Last week when the NATO summit was in town, our city played host to thousands of international visitors, and a couple dozen world leaders. Where do these presidents, prime ministers and brutal dictators stay when they are here in Chicago? Surely not at the Days Inn or the Holiday Inn Express. More than likely, they occupied the many uber-elegant Presidential Suites that are downtown. I had the wonderful privilege to photograph several of them for Elite Traveler magazine. After shooting this assignment, I know that I will never be satisfied with any hotel room again…but then I rarely pay $4000 to 5000 per night for a room. No, that isn’t a misprint. Politicians, rock stars, Wall Street bankers, and world leaders are about the only people who can afford this luxury. Here is a glimpse into that rarefied world that most of us will never be privy to.
Tag Archives: Chicago photographer
The following post was was from 2012 when Charlie Trotter closed his world famous and legendary restaurant on Armitage, and chose to move on to greener and more fulfilling pastures. Earlier this week, we received the shocking news of his untimely passing. During his career, Charlie reinvented what it means to create cutting edge meals, and his food ideas have become standard fare for chefs around the world. Sure he ruffled some feathers along the way, and was known for his abrasive leadership style, but most of all, Charlie will be remembered for the amazing food he prepared, the chefs he trained, and the pleasure he shared with thousands of diners throughout the years. We will miss you Chef.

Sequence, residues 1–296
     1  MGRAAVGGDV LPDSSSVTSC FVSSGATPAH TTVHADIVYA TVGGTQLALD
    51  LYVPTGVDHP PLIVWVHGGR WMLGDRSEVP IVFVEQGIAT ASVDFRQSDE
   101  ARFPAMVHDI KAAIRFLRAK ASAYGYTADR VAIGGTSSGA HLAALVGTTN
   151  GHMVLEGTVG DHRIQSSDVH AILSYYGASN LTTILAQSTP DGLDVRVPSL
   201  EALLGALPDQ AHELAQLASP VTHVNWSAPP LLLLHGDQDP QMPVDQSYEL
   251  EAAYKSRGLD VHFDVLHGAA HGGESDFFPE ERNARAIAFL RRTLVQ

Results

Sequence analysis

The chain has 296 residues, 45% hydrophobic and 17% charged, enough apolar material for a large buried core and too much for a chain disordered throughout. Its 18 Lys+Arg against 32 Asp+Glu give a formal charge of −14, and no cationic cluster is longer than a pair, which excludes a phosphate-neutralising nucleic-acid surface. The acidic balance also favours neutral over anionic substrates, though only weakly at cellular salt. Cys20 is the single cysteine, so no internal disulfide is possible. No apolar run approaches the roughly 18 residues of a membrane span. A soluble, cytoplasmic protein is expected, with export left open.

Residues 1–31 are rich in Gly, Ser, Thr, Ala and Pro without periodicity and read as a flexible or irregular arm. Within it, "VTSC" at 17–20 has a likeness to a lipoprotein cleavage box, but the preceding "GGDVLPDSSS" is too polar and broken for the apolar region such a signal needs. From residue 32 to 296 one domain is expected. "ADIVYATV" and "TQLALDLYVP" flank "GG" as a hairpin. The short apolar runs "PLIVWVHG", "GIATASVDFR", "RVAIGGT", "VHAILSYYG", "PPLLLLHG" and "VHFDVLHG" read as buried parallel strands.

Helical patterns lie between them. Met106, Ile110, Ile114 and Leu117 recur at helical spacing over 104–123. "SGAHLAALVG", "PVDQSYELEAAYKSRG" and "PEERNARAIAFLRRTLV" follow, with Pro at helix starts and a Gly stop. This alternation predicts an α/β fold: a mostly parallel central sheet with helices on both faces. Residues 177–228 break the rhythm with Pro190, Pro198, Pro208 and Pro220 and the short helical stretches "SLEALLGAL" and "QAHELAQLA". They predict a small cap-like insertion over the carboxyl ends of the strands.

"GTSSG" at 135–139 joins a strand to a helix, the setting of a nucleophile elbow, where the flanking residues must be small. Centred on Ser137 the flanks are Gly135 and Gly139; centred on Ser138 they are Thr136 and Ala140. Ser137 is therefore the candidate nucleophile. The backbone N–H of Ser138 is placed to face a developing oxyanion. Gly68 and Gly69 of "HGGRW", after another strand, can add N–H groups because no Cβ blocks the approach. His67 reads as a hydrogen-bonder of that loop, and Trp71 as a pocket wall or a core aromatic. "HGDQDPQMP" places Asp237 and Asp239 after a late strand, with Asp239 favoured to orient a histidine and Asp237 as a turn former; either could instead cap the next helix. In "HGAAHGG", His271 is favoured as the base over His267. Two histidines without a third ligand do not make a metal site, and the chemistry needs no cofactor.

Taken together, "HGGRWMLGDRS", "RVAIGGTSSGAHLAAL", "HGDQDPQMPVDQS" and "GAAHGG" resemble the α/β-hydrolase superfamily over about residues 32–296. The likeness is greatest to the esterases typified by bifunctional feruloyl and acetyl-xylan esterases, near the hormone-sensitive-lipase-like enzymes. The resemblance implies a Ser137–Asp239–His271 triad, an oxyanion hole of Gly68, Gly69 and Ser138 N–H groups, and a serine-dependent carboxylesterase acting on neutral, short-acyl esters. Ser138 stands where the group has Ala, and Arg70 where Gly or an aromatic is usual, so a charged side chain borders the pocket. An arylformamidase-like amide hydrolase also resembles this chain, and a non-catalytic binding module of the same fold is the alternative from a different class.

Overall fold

It’s been a beautiful run, but after 25 years, Charlie Trotter is calling it quits. Just like that leftover lasagna–even if it’s still good for a late-night snack–at some point you just have to say goodbye. Trotter is leaving when he’s at the top of his game. Since 1987, his Lincoln Park restaurant has been a Mecca to foodies and culinary aficionados from around the world. Not only did he introduce a new philosophy to gourmet cooking, he trained hundreds of fine chefs who have gone on to great acclaim (Grant Achatz for one). A PBS TV star and author of 14 cookbooks, Trotter was a virtual food empire, and has received a pantry full of awards and accolades. When Chicago magazine name him the “second-meanest person” in the city, he was upset because he never likes to be Number Two. I had the privilege of photographing him several times in the past 20 years, and he has always been a gentleman, generous with his time, and respectful of my craft. Here are some photos from my visits to Charlie Trotter’s restaurant.
As a photographer, the variety of my work is usually dependent on the needs and whims of my clients. This past month is a prime example of the wide range of assignments I get on a regular basis. I recently had the privilege of photographing the following celebrities: “Jersey Shore” superstar Snooki; Igor Shuvalov, Deputy Prime Minister of Russia; and MacGoogle and MacDuff, my two famous Airedale terriers. I don’t know what the next month will bring, but I will keep you posted.